Californian architectural students win Concrete Centre competition after designing house with 'arteries'
Two architectural students from California have won an eco-house design competition with a scheme based on a cardiovascular system that transfers and stores heat.
Salvadori Ceja and Sergio Marquez, from the California State Polytechnic University, have won the eco-house student design competition for their Vascular House design.
The house works by storing solar heat gains in concrete floor slabs and in two pools of water. The internal temperature of the house is controlled via ‘arteries’ embedded in the walls and slab, through which hot or cold water is pumped. The pumps are powered by photovoltaic panels.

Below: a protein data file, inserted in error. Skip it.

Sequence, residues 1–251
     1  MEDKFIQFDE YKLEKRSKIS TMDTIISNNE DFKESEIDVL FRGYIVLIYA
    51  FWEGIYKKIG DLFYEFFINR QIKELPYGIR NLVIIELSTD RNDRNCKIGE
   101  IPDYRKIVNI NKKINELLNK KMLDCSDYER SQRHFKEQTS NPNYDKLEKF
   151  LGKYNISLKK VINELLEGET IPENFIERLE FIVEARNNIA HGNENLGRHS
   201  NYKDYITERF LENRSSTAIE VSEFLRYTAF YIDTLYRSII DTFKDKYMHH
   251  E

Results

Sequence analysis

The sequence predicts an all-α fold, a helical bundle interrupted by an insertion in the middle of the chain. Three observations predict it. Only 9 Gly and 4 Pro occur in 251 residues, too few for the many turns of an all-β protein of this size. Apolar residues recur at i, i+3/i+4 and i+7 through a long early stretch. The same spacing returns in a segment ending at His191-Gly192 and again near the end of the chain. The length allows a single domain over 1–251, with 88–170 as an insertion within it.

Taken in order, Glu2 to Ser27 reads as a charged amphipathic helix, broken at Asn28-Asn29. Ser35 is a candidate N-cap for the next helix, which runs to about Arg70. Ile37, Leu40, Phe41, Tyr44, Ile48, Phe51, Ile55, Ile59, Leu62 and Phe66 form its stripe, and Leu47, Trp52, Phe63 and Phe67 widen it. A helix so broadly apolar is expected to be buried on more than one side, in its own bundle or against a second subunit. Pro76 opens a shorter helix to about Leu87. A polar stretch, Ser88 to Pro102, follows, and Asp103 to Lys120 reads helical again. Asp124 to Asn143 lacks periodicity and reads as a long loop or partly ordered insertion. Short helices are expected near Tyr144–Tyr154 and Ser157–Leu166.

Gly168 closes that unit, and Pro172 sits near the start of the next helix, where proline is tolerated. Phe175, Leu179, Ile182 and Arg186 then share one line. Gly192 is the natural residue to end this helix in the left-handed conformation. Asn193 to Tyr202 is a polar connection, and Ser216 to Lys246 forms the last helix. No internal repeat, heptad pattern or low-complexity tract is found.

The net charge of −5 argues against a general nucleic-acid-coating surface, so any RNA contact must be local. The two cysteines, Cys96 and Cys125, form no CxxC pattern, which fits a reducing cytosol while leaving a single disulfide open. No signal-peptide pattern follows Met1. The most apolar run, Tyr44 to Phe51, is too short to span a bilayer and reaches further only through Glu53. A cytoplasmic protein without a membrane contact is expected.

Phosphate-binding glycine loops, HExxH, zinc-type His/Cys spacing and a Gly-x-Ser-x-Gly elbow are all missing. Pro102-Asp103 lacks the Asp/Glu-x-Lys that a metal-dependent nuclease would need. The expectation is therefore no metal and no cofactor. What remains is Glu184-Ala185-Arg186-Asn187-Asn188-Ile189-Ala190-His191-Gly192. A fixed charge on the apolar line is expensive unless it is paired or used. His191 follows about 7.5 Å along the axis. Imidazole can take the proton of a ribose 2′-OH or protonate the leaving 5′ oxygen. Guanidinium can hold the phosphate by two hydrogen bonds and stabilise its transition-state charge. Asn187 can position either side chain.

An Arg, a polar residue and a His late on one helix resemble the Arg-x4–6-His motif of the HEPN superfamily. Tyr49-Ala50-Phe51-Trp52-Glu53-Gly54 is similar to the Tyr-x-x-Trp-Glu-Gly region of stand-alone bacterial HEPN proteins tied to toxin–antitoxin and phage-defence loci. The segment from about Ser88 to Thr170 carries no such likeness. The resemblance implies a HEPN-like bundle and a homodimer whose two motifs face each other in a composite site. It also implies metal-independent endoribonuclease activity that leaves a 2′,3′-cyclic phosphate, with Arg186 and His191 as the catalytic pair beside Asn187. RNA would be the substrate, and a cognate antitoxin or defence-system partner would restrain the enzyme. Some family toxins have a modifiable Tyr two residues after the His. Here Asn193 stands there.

Allan Haines, head of education and training at the Concrete Centre, which organised the competition, said: “The incorporation of the pools and concrete construction has resulted in an exciting proposal that promises significantly reduced CO2 emissions over the life of the building. We were particularly impressed by the understanding of practical environmental considerations and their translation into a house of spatial delight.”